The Water Brothers Are Showcasing Water Stories From Around The World
Insight Alex and Tyler Mifflin have made it their mission to share water stories from around the world.
The TV show, The Water Brothers, highlights some of our planet’s most critical and pressing water issues. This is all in an effort to raise awareness and educate their viewers on our planet’s water resources.
Mediaplanet: What first got you interested in the topic of water?
Tyler Mifflin: It was more of a natural progression than a “eureka” moment. From a young age, Alex and I were both very lucky to spend a lot of time in and around water. Whether it was learning to swim at our family cottage, summer canoe trips all across Ontario, fishing with our siblings, sailing with our grandfather, to our first experience diving a reef, water has always been on our minds, but we were usually thinking about how we could have fun on it. When we weren’t allowed to swim in Lake Ontario due to pollution, that’s when we began to focus on water issues.
MP: Why host a TV show dedicated to water awareness?
TM: There are many reasons. While Alex and I were both in University, we began to study and learn about the increasing amount of environmental issues going on around the world. We were frustrated by people’s lack of general knowledge and interest about these issues.
We decided to use our educational backgrounds and our interests to create an eco-adventure documentary series to help get people more engaged in environmental issues, and encourage them to become part of the solution. The more we began researching the myriad of different environmental issues we face, we began to realize that almost every environmental issue is really a water issue, and all these challenges are interconnected. By looking at environmental issues through the lens of water, it allows us to cover a wide range of topics, and it makes it easier for people to see these connections and relate to the issues.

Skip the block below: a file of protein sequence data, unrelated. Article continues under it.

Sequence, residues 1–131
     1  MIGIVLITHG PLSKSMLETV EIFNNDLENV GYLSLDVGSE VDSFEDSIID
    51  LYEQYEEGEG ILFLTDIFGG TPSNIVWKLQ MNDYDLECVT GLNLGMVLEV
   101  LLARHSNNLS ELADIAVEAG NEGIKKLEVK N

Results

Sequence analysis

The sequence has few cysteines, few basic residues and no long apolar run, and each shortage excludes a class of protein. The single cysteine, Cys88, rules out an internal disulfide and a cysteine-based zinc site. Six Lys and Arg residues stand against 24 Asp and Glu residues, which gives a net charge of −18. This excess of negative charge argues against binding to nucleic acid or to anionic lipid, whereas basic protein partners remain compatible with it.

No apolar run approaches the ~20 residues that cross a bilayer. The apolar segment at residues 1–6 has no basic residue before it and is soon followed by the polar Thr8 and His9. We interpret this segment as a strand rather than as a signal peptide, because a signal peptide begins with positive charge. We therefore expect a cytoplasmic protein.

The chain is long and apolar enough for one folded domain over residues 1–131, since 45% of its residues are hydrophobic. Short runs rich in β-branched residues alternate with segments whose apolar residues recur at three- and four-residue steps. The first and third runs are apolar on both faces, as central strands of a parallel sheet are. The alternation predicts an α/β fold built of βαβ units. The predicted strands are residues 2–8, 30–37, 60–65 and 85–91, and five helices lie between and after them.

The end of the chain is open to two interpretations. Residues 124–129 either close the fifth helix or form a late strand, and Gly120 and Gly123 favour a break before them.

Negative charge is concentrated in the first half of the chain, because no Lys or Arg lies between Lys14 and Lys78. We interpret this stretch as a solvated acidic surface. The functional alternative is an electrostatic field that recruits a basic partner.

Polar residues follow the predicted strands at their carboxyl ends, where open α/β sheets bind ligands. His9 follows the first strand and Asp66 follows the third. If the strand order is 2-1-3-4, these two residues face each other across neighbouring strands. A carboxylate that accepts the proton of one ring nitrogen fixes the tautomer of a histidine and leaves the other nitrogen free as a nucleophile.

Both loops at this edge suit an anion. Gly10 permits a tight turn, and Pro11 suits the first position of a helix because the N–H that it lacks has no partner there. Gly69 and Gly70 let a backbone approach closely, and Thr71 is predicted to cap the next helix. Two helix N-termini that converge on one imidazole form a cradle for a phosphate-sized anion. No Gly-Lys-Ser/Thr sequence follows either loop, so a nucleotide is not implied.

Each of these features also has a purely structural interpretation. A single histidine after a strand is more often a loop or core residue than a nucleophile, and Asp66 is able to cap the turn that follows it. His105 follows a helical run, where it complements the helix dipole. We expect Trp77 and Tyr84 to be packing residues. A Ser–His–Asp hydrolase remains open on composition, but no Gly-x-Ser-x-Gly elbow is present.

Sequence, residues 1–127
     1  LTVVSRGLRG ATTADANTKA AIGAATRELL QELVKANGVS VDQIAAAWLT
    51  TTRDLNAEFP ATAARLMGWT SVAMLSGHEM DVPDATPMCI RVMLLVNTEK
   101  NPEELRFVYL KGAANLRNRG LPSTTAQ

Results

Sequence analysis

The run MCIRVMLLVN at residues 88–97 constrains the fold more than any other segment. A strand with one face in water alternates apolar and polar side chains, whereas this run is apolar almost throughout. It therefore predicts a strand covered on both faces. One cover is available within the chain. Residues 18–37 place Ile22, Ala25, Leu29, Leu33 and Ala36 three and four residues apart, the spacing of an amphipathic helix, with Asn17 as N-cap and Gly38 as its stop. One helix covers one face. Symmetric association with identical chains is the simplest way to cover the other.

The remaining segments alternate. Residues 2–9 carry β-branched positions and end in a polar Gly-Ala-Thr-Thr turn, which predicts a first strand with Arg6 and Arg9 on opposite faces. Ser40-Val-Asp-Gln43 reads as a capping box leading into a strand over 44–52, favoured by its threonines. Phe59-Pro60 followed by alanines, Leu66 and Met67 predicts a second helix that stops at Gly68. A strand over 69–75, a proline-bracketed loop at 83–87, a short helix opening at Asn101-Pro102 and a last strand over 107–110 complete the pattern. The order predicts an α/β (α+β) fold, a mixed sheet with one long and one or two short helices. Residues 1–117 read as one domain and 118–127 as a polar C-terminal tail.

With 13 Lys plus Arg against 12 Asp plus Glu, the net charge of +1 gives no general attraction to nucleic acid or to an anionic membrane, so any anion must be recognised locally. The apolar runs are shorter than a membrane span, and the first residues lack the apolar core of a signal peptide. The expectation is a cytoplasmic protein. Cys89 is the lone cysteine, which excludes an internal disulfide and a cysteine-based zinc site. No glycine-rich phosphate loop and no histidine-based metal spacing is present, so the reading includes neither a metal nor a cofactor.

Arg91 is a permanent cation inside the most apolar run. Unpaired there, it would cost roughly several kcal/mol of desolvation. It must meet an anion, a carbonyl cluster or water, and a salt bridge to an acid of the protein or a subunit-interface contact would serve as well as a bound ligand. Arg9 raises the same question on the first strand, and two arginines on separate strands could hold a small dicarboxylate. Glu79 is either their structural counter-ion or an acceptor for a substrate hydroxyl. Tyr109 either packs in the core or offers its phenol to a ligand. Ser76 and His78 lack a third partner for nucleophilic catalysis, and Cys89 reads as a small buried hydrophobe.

MP: How would you assess the Canadian attitude to water?
Alex Mifflin: Canadian attitudes towards water can be generalized as a myth of abundance. From a young age we all learn that one of the reasons Canada is so special is because we have some of the largest freshwater supplies in the world. And it is true, we do have a lot of water, but many Canadians do not appreciate the fact that 60 percent of our renewable freshwater supplies (water that gets replenished each year in rainfall) flows and empties into the Arctic Ocean where few of us live. Meanwhile most Canadians reside on a small strip of land along the U.S. border and we all depend — and concentrate our pollution — on a small fraction of our total water supplies. Since we think we have unlimited water supplies in Canada, we use it inefficiently and have become one of the worlds biggest water users per capita using about 330 litres per person per day. We can do much better.
MP: If there was one thing you wanted to draw attention to in terms of our national water resources, what would it be?
AM: There is no doubt that the biggest water issue in our country is the consumption and pollution of water resources by industry, primarily in the Alberta tar sands. The toxic legacy of this industry is simply being left behind for future generations to clean up with little consideration from our federal government of the industry’s significant contribution to global climate change. While many of us in Canada live far away from the activity, we are all deeply connected to what’s going on and the industry’s impact on freshwater and the Athabasca River. The oil and gas industry must continue to reduce their freshwater use and all Canadians have a responsibility to reduce their consumption of fossil fuels.
MP: How can we as Canadians protect and conserve water every day?
TM: Canadians can do a lot to protect and conserve water every day. To start, know where your water comes from. Whether it’s the Great Lakes or the Bow River, one of the most powerful things you can do is to be aware of where your water comes from and find ways to help protect your local watershed from pollution. We must also reduce our consumption of fossil fuels, reduce our consumption of single use plastic water bottles, and use less water at home. You can also encourage government to repair our pipes. As much as 30 percent of our treated water is lost to leaks in our municipal piping systems every day, costing taxpayers billions of dollars every year.
“We need to set an example for the world because we feel that Canada has lost its reputation as a leader in environmental protection.”